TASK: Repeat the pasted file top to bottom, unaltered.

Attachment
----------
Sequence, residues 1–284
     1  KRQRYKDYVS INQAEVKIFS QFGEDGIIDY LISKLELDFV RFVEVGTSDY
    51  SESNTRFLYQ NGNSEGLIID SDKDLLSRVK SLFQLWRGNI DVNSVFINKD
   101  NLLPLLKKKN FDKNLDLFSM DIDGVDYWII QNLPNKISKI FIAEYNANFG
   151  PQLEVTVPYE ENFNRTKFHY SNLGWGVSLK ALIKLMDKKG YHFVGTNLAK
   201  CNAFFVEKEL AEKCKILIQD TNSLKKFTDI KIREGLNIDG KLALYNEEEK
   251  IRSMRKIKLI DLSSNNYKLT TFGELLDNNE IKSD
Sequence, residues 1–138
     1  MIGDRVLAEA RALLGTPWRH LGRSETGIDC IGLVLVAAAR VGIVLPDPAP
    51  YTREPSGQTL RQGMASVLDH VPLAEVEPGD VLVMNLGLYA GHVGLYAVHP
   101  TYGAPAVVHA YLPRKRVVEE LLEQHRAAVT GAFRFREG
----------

Sequence, residues 1–284
     1  KRQRYKDYVS INQAEVKIFS QFGEDGIIDY LISKLELDFV RFVEVGTSDY
    51  SESNTRFLYQ NGNSEGLIID SDKDLLSRVK SLFQLWRGNI DVNSVFINKD
   101  NLLPLLKKKN FDKNLDLFSM DIDGVDYWII QNLPNKISKI FIAEYNANFG
   151  PQLEVTVPYE ENFNRTKFHY SNLGWGVSLK ALIKLMDKKG YHFVGTNLAK
   201  CNAFFVEKEL AEKCKILIQD TNSLKKFTDI KIREGLNIDG KLALYNEEEK
   251  IRSMRKIKLI DLSSNNYKLT TFGELLDNNE IKSD
Sequence, residues 1–138
     1  MIGDRVLAEA RALLGTPWRH LGRSETGIDC IGLVLVAAAR VGIVLPDPAP
    51  YTREPSGQTL RQGMASVLDH VPLAEVEPGD VLVMNLGLYA GHVGLYAVHP
   101  TYGAPAVVHA YLPRKRVVEE LLEQHRAAVT GAFRFREG